The City of Oshawa passed a bylaw on Tuesday night that bans children from possessing toy guns and replica handguns.
Durham Region Police Const. Todd Petzold is leading the charge to get the imitation firearms off the streets because he says the toy guns pose a serious public threat.
"Young kids don't understand the possible consequences. To them it's a game, they're playing with a plastic gun," Petzold told CTV's MairiAnna Bachynsky.
"They don't recognize that as a police officer, especially at night, we see some of these guns in the hands of children, we don't know if they're real or not, and that's a concern."
The size and shape of the replicas are very similar to real firearms, he said.
"When I'm faced with somebody at night outside of a convenience store or wherever it is, and he has a gun like this, I can't tell the difference," Petzold said.
Police also say the use of plastic guns in crimes such as robbery, threatening or intimidation is on the rise.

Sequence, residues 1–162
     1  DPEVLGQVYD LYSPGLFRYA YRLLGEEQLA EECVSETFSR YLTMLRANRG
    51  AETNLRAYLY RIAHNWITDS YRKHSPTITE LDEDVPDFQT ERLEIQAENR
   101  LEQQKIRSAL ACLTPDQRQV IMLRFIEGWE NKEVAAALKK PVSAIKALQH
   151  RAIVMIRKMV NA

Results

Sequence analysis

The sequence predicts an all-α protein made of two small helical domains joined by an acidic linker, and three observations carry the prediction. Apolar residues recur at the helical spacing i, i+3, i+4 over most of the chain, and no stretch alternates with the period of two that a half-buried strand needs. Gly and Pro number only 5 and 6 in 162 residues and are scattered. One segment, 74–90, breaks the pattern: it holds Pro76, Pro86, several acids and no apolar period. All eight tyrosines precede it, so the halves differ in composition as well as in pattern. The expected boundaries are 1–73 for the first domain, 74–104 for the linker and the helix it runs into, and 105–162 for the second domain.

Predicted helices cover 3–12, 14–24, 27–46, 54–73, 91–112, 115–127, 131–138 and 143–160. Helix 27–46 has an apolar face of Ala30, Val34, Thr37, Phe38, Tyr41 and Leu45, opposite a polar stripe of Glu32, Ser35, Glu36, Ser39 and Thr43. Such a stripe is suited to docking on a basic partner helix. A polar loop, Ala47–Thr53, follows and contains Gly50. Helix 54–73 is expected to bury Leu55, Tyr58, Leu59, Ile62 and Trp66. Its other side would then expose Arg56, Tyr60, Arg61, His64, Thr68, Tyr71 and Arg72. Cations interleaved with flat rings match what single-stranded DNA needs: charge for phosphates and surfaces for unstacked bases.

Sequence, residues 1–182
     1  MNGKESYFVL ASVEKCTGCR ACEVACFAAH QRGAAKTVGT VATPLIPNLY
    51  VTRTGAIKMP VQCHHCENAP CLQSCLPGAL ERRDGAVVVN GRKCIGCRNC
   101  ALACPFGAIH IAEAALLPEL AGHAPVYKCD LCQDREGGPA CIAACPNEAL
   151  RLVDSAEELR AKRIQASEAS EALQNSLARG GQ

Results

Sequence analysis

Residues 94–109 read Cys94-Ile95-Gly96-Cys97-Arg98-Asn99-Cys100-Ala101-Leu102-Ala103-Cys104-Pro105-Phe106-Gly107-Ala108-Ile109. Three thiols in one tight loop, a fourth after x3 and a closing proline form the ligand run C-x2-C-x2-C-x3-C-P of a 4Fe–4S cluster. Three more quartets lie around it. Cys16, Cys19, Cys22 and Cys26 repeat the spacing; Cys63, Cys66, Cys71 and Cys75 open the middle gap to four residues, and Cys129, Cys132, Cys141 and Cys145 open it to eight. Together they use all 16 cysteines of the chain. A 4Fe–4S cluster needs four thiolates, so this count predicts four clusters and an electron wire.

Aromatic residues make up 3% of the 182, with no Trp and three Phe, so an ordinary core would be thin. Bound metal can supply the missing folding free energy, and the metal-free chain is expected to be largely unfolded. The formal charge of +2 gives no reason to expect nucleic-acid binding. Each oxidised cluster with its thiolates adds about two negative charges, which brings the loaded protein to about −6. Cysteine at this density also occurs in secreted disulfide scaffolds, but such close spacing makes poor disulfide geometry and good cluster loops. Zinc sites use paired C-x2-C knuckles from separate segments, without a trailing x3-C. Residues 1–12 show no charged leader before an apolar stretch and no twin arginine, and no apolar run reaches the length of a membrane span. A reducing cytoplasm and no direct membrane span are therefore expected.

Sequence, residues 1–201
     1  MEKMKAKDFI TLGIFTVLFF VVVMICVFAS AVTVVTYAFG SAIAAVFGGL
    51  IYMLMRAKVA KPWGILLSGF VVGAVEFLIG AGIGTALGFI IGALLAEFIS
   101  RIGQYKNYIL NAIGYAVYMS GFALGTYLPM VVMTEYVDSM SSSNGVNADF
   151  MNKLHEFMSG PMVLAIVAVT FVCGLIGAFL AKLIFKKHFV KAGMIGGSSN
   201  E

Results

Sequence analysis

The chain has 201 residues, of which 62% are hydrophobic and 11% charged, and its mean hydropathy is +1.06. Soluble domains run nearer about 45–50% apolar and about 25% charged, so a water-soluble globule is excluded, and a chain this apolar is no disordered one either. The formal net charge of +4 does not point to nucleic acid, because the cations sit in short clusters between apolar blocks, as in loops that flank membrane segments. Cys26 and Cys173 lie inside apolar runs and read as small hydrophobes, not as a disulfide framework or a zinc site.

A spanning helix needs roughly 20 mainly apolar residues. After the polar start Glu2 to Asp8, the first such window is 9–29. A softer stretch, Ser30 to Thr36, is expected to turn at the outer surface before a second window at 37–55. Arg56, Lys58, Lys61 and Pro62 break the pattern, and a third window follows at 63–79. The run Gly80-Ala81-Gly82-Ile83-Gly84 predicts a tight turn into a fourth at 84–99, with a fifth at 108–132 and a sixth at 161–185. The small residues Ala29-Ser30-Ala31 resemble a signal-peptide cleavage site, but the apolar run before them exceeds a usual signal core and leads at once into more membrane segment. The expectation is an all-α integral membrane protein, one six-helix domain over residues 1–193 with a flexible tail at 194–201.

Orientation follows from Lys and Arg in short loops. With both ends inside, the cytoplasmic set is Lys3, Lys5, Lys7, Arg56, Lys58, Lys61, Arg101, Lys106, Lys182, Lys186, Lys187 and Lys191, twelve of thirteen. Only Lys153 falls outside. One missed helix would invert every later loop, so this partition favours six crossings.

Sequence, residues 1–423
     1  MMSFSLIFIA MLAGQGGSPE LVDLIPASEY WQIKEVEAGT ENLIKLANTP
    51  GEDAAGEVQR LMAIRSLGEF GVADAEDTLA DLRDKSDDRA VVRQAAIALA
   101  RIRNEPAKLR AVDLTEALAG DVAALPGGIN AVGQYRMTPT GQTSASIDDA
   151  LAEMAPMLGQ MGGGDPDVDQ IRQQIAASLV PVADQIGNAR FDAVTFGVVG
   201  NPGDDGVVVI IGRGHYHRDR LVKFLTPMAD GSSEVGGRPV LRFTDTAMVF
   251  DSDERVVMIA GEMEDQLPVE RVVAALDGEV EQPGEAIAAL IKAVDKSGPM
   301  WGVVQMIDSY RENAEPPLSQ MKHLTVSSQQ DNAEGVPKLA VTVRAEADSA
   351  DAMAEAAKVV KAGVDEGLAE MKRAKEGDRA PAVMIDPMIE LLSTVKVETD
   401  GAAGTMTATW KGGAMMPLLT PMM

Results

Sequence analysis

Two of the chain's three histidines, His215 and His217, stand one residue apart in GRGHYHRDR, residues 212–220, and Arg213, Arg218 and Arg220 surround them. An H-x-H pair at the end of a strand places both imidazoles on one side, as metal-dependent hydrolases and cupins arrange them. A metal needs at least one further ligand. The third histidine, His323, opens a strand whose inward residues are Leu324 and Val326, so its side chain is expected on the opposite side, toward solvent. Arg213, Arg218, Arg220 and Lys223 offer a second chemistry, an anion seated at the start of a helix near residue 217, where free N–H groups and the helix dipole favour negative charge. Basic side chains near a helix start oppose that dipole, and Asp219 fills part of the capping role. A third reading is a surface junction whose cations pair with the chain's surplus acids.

The Oshawa bylaw means all of Durham, except for Pickering, would have the replica ban in place. The rule restricts all those under the age of 18 to possess a fake firearm on public property or on private property where the public has general access.
The Township of Scugog was one of the first municipalities in Ontario to institute the bylaw when it did so last year.
Petzold wants his campaign to spread to surrounding municipalities.
"It has shown some interest elsewhere. York Region's picking up on it and I'll be dealing with them next month, and I would love to talk to Toronto about it as well," he said.
"Let's get these things off the streets."
Mayor David Miller described the proposed bylaw as "an interesting idea," but he is primarily concerned with a ban on real handguns.
Attorney General Michael Bryant is willing to explore a province-wide replica ban.
"We support the principle of doing everything we can to eliminate the dangers that these (toys) can cause," Bryant said.
With a report from CTV's MairiAnna Bachynsky